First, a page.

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Fat and the law: who should take the blame?
journal contributionposted on 2005-02-01, 00:00 authored by Mirko Bagaric, Sharon ErbacherSharon Erbacher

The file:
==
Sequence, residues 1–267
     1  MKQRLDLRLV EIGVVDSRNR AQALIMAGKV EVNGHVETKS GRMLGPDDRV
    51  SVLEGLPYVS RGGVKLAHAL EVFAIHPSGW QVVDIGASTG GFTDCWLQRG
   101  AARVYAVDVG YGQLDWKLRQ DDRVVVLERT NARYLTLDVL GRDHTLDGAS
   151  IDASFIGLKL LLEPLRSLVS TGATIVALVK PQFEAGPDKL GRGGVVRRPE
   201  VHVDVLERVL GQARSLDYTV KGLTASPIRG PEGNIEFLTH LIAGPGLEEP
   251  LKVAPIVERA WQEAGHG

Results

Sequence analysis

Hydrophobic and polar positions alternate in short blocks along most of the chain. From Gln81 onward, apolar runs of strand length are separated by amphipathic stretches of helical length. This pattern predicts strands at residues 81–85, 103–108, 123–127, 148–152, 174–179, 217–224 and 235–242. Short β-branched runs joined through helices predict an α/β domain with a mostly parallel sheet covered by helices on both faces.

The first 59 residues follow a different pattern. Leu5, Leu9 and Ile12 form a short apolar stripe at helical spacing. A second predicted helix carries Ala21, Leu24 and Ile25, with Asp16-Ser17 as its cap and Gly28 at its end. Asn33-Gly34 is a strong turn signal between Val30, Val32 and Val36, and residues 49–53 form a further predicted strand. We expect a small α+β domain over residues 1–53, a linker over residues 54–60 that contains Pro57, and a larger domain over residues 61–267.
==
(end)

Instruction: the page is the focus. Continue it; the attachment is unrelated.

The incidence of obesity in both adults and children is rising at a rapid rate in most developed countries, including in Australia. Some obese people are seeking to place the blame for their condition on the fast-food industry, as demonstrated by the recent litigation in the United States brought by two obese plaintiffs against McDonald's. This litigation was unsuccessful, and on existing Australian negligence principles any similar litigation commenced here is likely to suffer the same fate. Principles of personal responsibility, autonomy and free will should prevail to deny a negligence claim. The risk of obesity and concomitant health problems from eating fast food to excess is an obvious risk which the plaintiff should not have ignored and which he or she has voluntarily assumed. It is for the Australian Government, not the courts, to regulate the behaviour of the fast-food industry. The government should take action by requiring all major fast-food chains to label their products with nutritional information, and by imposing restrictions on the advertising of food to children.